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The Wear And Tear On Student-Athletes

The Wear And Tear On Student-Athletes

The Wear And Tear On Student-Athletes 

Say Yes To Woods Recruiting

We already know that high school athletics is a year-round commitment. 

At the conclusion of the season student-athletes in enormous numbers are flocking to club teams that travel to showcases and tournaments. These young men and women are attending camps with a whole lot going on. 

A year-round commitment is there to help develop student-athletes and to capture the attention of college coaches. Is there a problem with them playing too many games? Is it too much wear and tear and destructive?

Burnout is a real possibility.

The game is supposed to be fun. Competition fuels their activity and their love for the game, but is it too much? Are they playing far too many games in a short amount of time? Are parents overdoing it?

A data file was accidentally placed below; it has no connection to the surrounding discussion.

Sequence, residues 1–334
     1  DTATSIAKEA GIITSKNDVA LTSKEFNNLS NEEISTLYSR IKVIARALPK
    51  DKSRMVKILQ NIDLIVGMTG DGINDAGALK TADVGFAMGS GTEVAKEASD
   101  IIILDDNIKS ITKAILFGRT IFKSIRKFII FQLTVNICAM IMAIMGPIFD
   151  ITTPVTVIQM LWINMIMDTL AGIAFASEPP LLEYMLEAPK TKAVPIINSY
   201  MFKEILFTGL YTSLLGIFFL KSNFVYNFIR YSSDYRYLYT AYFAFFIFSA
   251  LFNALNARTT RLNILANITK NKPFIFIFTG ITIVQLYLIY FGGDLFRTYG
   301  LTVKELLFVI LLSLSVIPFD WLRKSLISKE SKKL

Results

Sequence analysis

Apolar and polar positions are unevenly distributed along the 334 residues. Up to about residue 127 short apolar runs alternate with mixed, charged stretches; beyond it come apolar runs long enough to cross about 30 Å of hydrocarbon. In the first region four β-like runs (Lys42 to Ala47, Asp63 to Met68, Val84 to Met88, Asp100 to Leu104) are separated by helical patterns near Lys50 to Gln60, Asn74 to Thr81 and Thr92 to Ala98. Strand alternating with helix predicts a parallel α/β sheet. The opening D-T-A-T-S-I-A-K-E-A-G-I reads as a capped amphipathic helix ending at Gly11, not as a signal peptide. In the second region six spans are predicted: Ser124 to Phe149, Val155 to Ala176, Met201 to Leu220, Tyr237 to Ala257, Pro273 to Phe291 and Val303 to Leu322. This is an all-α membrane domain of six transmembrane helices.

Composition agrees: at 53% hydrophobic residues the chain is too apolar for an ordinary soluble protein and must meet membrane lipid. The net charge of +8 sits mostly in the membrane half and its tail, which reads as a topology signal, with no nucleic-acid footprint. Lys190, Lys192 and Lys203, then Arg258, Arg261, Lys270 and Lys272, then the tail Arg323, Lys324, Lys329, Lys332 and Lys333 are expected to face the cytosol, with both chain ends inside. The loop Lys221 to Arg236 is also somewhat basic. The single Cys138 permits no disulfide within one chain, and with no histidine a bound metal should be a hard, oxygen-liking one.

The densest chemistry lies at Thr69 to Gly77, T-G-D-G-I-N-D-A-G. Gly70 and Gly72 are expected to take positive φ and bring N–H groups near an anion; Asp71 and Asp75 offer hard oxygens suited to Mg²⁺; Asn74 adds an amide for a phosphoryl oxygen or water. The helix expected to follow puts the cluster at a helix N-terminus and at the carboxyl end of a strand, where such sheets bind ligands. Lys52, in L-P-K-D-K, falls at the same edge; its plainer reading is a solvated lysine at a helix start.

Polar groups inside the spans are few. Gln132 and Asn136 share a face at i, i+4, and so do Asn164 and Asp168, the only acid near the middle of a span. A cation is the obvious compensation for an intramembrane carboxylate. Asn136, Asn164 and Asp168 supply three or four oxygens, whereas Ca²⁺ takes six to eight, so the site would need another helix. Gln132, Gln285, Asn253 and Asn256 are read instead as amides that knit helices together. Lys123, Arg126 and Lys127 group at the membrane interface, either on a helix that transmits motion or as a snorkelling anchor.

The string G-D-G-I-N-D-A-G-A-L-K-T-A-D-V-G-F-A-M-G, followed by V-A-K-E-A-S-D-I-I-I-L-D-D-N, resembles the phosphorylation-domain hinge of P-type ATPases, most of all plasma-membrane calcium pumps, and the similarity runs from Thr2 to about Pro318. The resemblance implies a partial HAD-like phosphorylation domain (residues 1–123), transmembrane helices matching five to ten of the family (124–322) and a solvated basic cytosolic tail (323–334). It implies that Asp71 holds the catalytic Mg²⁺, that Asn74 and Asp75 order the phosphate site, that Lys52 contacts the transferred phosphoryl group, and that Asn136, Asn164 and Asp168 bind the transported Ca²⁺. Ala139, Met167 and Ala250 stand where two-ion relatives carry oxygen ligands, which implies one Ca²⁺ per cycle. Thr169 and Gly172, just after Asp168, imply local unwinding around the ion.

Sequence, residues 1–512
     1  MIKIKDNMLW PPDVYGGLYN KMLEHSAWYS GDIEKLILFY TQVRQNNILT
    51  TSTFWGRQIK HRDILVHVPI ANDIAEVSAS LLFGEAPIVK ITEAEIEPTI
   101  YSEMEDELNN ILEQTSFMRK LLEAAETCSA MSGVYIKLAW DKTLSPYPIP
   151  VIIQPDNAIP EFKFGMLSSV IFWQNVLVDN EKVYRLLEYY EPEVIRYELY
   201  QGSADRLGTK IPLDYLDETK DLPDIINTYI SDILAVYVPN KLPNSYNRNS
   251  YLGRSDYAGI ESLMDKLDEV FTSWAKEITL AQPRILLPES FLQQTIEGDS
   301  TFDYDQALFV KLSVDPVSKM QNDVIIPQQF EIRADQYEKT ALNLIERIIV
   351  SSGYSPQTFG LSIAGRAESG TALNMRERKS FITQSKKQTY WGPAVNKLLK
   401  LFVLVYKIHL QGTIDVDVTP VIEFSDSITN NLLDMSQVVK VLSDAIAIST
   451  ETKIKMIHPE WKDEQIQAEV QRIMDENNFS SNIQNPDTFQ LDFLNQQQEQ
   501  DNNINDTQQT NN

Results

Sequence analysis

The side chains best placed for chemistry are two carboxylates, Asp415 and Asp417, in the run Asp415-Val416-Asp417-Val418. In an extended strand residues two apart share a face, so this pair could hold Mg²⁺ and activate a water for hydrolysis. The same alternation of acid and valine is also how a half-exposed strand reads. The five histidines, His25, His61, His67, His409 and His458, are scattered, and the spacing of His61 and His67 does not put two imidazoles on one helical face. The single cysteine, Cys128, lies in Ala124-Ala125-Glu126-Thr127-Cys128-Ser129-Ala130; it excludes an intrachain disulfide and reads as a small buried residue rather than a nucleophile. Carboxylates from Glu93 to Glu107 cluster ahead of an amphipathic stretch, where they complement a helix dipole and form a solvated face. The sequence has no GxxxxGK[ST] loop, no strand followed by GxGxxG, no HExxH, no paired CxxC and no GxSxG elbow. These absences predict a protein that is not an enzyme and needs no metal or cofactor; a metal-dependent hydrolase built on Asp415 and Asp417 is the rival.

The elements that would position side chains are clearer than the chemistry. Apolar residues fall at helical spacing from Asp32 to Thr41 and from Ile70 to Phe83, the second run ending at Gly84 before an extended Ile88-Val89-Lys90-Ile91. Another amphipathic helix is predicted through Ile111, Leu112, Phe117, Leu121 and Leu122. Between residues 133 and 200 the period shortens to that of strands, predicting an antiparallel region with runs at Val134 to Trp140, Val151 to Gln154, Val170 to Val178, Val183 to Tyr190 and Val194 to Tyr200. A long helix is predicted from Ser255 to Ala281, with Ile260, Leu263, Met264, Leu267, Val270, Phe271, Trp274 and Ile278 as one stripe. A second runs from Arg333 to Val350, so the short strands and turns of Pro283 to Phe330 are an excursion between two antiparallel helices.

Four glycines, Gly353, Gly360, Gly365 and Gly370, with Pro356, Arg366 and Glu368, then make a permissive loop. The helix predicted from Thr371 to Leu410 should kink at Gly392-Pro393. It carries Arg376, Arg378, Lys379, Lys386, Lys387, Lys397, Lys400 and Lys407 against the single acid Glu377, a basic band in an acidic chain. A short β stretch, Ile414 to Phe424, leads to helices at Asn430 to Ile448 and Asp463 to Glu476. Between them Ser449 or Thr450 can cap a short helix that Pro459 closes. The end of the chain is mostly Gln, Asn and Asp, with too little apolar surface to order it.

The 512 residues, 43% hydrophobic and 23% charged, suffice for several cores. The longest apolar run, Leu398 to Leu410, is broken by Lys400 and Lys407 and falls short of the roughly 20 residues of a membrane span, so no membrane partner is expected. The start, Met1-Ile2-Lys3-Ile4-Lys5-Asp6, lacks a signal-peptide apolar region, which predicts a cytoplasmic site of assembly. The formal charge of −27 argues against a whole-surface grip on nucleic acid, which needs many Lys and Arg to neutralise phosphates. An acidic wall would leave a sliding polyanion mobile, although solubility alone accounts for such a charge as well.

The adults control the aspect of the game from coaching to criticizing their observation and their passion.

Some parents are pushing the student-athletes as though they were professional athletes.

Are they looking at the big picture of the student-athletes’ well-being or are they looking at it through a different lens?


Every high school sport has a club component attached to it.

The blazing hot summer months is the time where student-athletes are competing. It’s a great time of fun, joy, and excitement. The passion to compete is amazing.

The thrill of victory, accompanied by the agony of defeat, is all part of the rugged territory of athletics.

This is why they do it all the time, they’re competing every day and it’s joyous.

Just an observation: Are they playing too many games during the summer months? I know there are tournaments with many games associated with it.

When that tournament has ended, there may be a few days of downtime before heading off to the next tournament.

That cycle repeats itself throughout the course of the hot summer months.

Is it too much? Just a thought.

I’d like to know what you think of this topic. Do me a favor, leave a comment in the comment section. Your comments are the oxygen we need to grow. 

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